A guide to all-season tyres – everything you need to know

The summer is here – perfect driving weather for UK motor lovers. If you’re enjoying the warm weather, snaking B roads, or even driving with your roof down, our best advice is to soak it in, but to keep an eye on the motoring year ahead. With defective brakes and tyres the most common cause of lethal accidents, according to the Department for Transport, it’s crucial you join the increasing numbers of UK drivers getting interested in fitting their prides of joy with car tyres well-suited to differing weather conditions: all-season tyres. To help you get started, here’s everything you need to know about all-season tyres, and how they differ to seasonal tyres.


What are all-season car tyres?

There are a wide variety of different car tyre types on the market today, but all-season tyres are some of the most versatile. Instead of needing to switch your set of tyres every time it starts snowing or gets sunny, you can drive on the same ones, all year round. They are typically marked with ‘all season’, or ‘M & S’ (mud and snow).

That’s because the materials used to make all-season tyres are able to withstand a range of above and below freezing temperatures – typically -10 to 30°C – and have tread designs that mean they can be driven on mud, light snow, and minor ice, as well as rainy or dry roads.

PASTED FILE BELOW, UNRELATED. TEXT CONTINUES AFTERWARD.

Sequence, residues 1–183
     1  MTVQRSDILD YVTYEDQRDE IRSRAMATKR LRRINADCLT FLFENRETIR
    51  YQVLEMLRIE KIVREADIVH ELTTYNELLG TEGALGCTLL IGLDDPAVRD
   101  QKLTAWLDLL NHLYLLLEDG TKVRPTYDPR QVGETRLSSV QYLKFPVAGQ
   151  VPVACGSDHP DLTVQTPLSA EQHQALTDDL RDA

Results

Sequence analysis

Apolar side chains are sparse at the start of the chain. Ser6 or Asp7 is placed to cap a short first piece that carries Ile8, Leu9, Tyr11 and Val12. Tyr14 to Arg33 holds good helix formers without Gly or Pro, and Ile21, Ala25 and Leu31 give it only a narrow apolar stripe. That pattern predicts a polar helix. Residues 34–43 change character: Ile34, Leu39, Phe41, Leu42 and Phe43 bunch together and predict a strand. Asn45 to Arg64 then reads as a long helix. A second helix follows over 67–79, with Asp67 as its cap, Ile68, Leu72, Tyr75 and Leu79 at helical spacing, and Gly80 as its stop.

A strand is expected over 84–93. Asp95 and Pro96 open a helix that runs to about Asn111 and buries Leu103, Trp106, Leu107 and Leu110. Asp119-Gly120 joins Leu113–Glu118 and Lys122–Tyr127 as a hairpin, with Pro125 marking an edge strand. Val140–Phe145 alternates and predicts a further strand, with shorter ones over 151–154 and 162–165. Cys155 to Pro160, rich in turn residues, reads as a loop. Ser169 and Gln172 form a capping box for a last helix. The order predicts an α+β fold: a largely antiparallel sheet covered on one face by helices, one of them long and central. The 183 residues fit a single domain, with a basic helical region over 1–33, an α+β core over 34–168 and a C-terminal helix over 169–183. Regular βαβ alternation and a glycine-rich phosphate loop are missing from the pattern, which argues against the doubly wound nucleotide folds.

How do they differ from winter and summer tyres?

Winter and summer tyres are a must if you live in a country that experiences extreme weather or drastic temperature fluctuations. Winter tyres are specifically made to be used in snowy and icy weather for instance, thanks to their deeper, punchier tread patterns and harder-wearing rubber compounds used in their construction.

Should you choose all-season or seasonal tyres?

That means that all-season tyres are mainly designed for drivers in temperate climates – those that don’t commonly experience bad weather. That’s because there stopping distances and turning grip can be reduced in icy weather and when tarmac is particularly hot. And because they are popular in the UK, and use less specialist materials, they are often the cheapest available, and longest-lasting.

However, they may be detrimental to drivers that want the increased peace of mind that comes with knowing that your set of tyres are specifically engineered for the weather conditions you’re up against while on the road. And if you are the sort of driver that enjoys the track, or drives aggressively, then the added performance you’ll find with summer and winter tyres can be a big help too.


Which type of tyre do you use on your vehicle? Do you like the simplicity of all-season or the performance of seasonal? Let us know in the comments section.

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